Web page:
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A Theory of Multiplexity: Sustaining Cooperation with Multiple Relations

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Document pages: 38 pages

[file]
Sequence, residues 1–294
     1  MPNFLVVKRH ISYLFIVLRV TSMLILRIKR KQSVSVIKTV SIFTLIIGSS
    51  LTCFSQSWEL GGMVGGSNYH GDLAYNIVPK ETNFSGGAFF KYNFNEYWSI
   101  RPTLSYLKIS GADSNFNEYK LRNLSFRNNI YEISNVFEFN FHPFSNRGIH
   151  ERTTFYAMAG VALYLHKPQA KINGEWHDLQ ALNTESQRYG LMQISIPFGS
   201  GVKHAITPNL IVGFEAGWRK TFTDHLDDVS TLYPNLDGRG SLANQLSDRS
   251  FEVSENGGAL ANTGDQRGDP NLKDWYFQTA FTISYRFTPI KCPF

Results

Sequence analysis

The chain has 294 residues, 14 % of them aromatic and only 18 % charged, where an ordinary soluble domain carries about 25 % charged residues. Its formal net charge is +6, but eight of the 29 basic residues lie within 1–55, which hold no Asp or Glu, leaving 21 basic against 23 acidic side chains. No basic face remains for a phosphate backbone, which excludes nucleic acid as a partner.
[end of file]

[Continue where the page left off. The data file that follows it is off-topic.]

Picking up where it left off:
Abstract: People are embedded in multiple social relations. These relations are not isolated from each other. Do different networks overlap and why? We focus on the following question: When an agent has a new relation to add, would they choose to multiplex, i.e., to link with a friend or a stranger? The key tradeoff that we emphasize is the one between multiplexity and community enforcement. Multiplexity enhances cooperation because various relations serve as social collateral for each other, while linking to a stranger can utilize community enforcement, whose power relies more on the rest of the network structure. We find the following: (1) There is a strong tendency to multiplex, and the “multiplexity trap” can occur; that is, agents may keep adding relationships with friends, even when it is more efficient to link with a stranger. (2) Agents tend to multiplex when the existing network (a) has a low degree dispersion (i.e., all agents have similar numbers of friends) or (b) is positively assortative (agents are linked with those with a similar number of friends). We also find that agents tend to multiplex when the new relationship is more important. Using the Indian Village Survey data, we provide supportive evidence for our theoretical predictions.

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